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County receives planning and development report for 2018

Posted on February 26, 2019 by Sunny South News

By Nikki Jamieson
Sunny South News

Lethbridge County’s planning and development department had a busy 2018.

During their regular Feb. 14 meeting, Lethbridge County council reviewed the 2018 Year End Report from the planning and development department.

The report highlighted the various projects, developments, subdivisions and planning activities the county had undertaken in 2018.

Hillary Janzen, senior planner for the county, said they had a “fairly busy year” in 2018, which was ”good for the county”.

According to the report, an inventory has been completed for all county owned ponds and related infrastructure.

Janzen said they were still looking at their fire pond policy.

“We have completed an inventory of the county owned ponds and hydrants, and that work will be carrying on in the spring,” said Janzen. “We have to do some testing of those facilities, which will inform our policies moving forward.”

Reeve Lorne Hickey asked if the county’s fire ponds, after a certain period of time, became public utility lots.

Janzen said the reason they began investigation them because there’s been a “mish-mash” in how they’ve been dedicated.

“Some of them of PULs, Public Utility Lots, some of them are on private land but the hydrants are on public properties, so that’s where we have a mixing of jurisdictions,” said Janzen.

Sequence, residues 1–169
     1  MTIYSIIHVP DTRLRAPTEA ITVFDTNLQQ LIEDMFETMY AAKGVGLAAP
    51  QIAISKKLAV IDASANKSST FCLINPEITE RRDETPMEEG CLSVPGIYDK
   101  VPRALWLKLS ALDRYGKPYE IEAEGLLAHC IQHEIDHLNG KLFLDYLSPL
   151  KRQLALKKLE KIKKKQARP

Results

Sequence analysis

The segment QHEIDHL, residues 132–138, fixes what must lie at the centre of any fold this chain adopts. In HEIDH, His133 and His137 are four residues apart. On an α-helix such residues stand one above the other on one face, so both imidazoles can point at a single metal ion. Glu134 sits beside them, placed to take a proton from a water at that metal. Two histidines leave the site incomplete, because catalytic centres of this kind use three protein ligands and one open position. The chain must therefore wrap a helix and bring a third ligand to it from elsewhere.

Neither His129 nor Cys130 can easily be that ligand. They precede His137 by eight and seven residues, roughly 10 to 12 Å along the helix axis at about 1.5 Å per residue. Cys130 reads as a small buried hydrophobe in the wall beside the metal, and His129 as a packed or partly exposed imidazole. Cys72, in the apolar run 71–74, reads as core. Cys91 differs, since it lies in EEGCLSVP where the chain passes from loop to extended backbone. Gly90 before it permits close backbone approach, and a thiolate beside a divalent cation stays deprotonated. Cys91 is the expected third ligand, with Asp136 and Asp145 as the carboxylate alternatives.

“That’s typically the two that we’ve seen, or sometimes we have fire ponds that have no hydrants and they’re all on private property, so we have no control. So we wanted to create a policy that clearly identified how we would deal with them in the future, but we have to look at the existing ones to find out one, are these hydrants operational, do they even work? And then to have something in place so that when we’re looking forward at those; how are we maintaining them, are we going to decommission some over time because they’re, you can’t fix what they are. But we’ll be dealing with those in that policy.

“If we come to ones in residential areas that we feel may be not as viable anymore, we’ll be talking to residents in those areas to discuss that matter with them.”

Hickey also asked who maintained them if they were on both private and public property.

“Our utilities crew have been doing some of the maintenance on them, but there are requirements under NFPA that we have to do certain testing and certain other requirements,” said Rick Bacon, director of municipal services for the county. “It’s quite time consuming and has to be done annually.